a value substantially equal to the control grid
anode capacity connected between the last men
tioned connection and the other end of said sec
ond capacity.
3. The circuit according to the invention de
?ned in the preceding claim wherein a capacity
of a value substantially equal to the screen grid
contrcl grid capacity is connected betweenrthe
non-common terminals of the second and third.
4:. A neutralizing circuit of bridge form for an
electron discharge device provided with anode,
15 cathode, control grid and screen grid electrodes,
comprising a condenser in the output circuit of
said device connected between said anode and
cathode, a ?rst inductance of a value substan
tially equal to the self-inductance of the control
20 grid lead, a second inductance of a value substan
tially equal to the self-inductance of the screen
grid lead, a direct connection from one terminal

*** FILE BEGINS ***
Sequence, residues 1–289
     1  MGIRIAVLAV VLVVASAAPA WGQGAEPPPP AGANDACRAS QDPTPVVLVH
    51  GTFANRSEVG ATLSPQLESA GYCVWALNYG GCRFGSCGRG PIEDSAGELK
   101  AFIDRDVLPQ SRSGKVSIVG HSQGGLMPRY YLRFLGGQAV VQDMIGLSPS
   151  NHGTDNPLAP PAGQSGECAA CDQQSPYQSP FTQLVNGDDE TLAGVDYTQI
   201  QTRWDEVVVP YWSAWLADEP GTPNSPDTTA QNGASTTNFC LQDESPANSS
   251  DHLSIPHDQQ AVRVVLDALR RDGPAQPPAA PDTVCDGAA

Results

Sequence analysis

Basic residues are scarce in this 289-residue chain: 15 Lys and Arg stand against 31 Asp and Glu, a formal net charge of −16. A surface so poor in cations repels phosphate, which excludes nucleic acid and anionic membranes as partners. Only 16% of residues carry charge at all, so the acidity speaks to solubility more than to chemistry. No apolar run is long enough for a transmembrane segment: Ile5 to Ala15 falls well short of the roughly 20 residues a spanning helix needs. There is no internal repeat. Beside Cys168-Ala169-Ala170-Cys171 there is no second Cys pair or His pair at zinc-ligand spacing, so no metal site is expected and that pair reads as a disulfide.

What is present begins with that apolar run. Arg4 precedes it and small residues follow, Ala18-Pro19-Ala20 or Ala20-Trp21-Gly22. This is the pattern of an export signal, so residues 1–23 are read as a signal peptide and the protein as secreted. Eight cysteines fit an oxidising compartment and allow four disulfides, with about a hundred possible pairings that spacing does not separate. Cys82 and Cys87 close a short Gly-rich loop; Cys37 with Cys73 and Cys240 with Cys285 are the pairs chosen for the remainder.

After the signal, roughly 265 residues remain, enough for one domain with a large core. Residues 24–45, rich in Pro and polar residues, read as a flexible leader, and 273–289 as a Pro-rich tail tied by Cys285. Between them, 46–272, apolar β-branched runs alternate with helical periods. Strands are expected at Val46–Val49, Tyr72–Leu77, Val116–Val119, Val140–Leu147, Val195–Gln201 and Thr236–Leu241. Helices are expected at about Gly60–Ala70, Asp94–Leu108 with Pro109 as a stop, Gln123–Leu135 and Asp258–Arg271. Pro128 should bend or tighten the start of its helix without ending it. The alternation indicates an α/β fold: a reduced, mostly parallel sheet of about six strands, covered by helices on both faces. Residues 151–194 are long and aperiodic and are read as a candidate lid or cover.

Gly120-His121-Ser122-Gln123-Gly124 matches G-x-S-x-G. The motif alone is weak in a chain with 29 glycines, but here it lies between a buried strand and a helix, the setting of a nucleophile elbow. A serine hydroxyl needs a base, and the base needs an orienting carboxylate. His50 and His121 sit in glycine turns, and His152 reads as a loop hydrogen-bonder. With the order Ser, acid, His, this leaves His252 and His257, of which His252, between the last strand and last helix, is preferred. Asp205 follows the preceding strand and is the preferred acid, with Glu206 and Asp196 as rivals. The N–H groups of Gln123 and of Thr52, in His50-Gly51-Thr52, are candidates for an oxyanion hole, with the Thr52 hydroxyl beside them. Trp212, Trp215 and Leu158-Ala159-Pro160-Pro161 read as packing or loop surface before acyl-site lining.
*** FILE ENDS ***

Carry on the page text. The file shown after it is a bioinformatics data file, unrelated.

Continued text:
of said ?rst inductance to said control grid lead,
a direct connection from one terminal of said
second inductance to said cathode, the other
terminals of said two inductances being connect
ed together through a condenser whose value is
equal to the value of the internal capacity be
tween said control grid and screen grid electrodes,
two serially connected condensers arranged in
parallel with respect to said last-named con
denser, one of said two serially arranged con
densers having a value substantially equal to the
value of the internal capacity between said anode
and control grid, the other of said two condensers
having a value substantially equal to the inter
nal capacity between said anode and screen grid,
a connection between the junction point of said
two condensers and said output circuit, and an
inductance and a condenser connected in series
between the cathode and said other terminal of
the ?rst inductance, said inductance being of a
value substantially equal to the self-inductance
oi‘ the cathode lead and said condenser being of
a value substantially equal to the value of the
internal capacity between said control grid and
cathode electrodes.